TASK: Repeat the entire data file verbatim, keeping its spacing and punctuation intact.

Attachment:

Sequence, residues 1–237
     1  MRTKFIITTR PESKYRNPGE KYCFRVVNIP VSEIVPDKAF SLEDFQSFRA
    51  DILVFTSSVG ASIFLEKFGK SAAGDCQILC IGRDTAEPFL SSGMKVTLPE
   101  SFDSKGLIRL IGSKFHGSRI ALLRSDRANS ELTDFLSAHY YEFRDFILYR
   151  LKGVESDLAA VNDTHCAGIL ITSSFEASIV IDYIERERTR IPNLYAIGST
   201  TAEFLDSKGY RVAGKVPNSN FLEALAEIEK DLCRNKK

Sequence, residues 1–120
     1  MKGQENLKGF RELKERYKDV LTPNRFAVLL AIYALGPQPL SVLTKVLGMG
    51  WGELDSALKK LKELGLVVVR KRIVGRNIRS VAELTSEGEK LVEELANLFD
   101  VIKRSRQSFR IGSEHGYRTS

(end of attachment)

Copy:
Sequence, residues 1–237
     1  MRTKFIITTR PESKYRNPGE KYCFRVVNIP VSEIVPDKAF SLEDFQSFRA
    51  DILVFTSSVG ASIFLEKFGK SAAGDCQILC IGRDTAEPFL SSGMKVTLPE
   101  SFDSKGLIRL IGSKFHGSRI ALLRSDRANS ELTDFLSAHY YEFRDFILYR
   151  LKGVESDLAA VNDTHCAGIL ITSSFEASIV IDYIERERTR IPNLYAIGST
   201  TAEFLDSKGY RVAGKVPNSN FLEALAEIEK DLCRNKK

Sequence, residues 1–120
     1  MKGQENLKGF RELKERYKDV LTPNRFAVLL AIYALGPQPL SVLTKVLGMG
    51  WGELDSALKK LKELGLVVVR KRIVGRNIRS VAELTSEGEK LVEELANLFD
   101  VIKRSRQSFR IGSEHGYRTS